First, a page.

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Sharon E. Plon, MD, PhD, FACMG
The overall goal of my laboratory is to understand the genetic basis of inherited susceptibility to cancer. At a basic level, we are interested in studying genes that normally control genomic stability and when disrupted lead to the instability seen in cancer cells including chromosome losses and gains or aneuploidy. Disruption of these control mechanisms have been found in a large percentage of human tumors and in individuals with a predisposition to specific cancers.
On a more translational level, we have carried out analyses of a variety of autosomal recessive cancer predisposition syndromes. Rothmund-Thomson Syndrome (RTS) is associated with a high incidence of osteosarcoma. We have determined that RTS patients who develop osteosarcoma carry deleterious mutations in the RECQL4 gene and we have identified that certain disease causing mutations are associated with mislocalization of the RECQL4 protein (Wang, JNCI, 2003; Burks, GENE, 2009).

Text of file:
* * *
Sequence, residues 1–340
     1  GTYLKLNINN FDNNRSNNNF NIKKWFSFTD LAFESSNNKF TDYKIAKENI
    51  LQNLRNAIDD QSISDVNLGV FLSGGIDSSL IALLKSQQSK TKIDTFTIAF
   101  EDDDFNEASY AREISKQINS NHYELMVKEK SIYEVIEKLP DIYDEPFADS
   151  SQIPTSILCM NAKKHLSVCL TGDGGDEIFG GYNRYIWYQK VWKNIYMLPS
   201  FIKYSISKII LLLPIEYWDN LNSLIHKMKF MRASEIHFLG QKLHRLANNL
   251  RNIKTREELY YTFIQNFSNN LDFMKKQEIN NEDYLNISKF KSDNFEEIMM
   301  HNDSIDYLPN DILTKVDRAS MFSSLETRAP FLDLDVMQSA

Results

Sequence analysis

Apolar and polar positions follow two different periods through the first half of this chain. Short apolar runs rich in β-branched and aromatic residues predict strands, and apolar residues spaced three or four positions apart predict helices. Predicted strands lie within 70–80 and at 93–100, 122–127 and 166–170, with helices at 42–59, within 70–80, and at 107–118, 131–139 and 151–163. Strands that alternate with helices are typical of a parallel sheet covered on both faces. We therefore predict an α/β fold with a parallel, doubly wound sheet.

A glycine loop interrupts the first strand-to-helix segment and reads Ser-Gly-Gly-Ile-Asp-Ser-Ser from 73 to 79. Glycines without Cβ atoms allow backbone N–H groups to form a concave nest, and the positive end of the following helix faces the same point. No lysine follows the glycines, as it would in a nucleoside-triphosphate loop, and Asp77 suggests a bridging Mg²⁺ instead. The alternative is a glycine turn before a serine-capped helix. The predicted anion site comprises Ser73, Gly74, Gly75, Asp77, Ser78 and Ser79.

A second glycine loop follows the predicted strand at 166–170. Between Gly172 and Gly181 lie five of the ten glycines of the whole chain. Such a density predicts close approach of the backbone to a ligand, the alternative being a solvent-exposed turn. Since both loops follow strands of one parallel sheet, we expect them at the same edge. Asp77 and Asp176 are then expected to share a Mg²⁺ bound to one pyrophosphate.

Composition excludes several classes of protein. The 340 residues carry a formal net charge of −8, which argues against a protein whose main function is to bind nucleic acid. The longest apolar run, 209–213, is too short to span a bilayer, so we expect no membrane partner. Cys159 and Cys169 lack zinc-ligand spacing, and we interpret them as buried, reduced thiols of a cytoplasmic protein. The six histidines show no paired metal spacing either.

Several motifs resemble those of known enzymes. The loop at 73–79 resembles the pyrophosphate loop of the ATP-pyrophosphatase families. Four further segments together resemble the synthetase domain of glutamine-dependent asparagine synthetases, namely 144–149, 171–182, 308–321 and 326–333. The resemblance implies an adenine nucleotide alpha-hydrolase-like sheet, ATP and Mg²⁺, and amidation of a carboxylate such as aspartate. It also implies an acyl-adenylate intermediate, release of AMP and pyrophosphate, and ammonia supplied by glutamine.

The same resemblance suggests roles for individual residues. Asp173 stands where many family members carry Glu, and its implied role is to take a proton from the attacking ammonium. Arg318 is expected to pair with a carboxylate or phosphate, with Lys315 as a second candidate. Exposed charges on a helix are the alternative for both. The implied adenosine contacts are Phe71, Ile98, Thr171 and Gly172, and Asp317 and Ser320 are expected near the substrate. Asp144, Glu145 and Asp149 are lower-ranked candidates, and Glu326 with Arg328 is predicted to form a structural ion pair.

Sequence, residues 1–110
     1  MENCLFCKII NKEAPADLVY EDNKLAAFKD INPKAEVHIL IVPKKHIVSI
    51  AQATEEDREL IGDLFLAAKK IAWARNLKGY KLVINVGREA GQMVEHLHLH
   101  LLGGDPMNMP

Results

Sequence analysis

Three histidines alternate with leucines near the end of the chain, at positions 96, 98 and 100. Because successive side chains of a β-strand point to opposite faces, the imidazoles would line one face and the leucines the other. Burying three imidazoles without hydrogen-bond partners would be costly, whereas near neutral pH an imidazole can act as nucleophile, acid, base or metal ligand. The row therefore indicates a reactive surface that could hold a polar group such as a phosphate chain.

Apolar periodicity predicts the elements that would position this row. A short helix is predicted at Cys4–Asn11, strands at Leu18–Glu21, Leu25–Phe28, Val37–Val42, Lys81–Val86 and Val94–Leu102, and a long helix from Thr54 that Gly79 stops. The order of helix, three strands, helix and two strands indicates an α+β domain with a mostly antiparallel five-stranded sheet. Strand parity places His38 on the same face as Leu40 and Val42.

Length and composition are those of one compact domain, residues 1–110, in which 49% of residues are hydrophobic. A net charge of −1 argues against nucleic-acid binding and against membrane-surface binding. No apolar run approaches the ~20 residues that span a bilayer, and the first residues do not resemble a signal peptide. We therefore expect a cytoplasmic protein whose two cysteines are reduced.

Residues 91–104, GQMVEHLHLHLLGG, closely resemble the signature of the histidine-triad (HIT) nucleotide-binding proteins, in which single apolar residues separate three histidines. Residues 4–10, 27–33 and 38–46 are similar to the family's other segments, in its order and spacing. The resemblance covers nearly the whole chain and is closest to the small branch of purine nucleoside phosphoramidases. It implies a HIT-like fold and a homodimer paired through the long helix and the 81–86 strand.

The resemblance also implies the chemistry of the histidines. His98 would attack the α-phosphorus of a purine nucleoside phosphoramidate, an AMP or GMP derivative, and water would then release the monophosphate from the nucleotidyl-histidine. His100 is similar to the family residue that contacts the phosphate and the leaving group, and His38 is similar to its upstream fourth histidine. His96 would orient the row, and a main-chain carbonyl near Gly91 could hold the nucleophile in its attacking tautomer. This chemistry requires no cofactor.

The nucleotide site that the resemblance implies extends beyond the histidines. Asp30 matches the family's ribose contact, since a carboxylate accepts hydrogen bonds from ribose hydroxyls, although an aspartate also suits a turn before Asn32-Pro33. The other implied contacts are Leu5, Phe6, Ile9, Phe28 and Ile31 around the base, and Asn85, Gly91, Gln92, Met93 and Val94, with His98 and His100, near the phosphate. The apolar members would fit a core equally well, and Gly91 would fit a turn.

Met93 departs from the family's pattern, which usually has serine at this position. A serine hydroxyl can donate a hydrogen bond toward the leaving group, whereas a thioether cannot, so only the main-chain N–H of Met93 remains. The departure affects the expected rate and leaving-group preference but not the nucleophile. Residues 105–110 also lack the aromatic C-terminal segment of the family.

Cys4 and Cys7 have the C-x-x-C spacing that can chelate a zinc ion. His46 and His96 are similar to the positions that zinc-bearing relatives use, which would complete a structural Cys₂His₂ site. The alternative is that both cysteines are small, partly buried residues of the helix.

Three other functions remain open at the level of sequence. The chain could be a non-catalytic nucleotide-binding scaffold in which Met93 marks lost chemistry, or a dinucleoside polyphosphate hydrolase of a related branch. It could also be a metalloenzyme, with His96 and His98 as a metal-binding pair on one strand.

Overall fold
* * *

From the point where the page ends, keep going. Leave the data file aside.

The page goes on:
Most recently, we initiated a project in collaboration with the Human Genome Sequencing Center to develop a large-scale sequencing to identify the causative mutation or chromosome imbalance in families with unusual patterns of childhood cancer. The initial pipeline based on Sanger sequencing analyzed coding regions of 45 cancer-associated genes from genomic DNA of families that have multiple children with cancer or a child with more then one cancer diagnosis (Plon, Cancer Genetics, 2011).
We are also using high density oligonucleotide arrays to identify regions of copy number variation in children with cancer and congenital anomalies or learning problems (Cheung, Pediatric Blood and Cancer, 2011). We have now expanded this study to perform whole exome and whole genome analyses of cohorts of families with similar cancer patterns, for example, families with predisposition to childhood acute lymphocytic leukemia and lymphoma. This is a highly collaborative project with collaborators including: Human Genome Sequencing Center, MD Anderson Cancer Center and the Department of Statistics at Rice University.
I am also involved in clinical research. We are currently investigating how physicians who do not have genetics training utilize genetic testing in their clinical practice to aid patients at increased risk of cancer (Plon, 2011; Dhar, 2011). We will expand this to physician interpretation of clinical whole exome data of newly diagnosed childhood cancer patients in early 2012.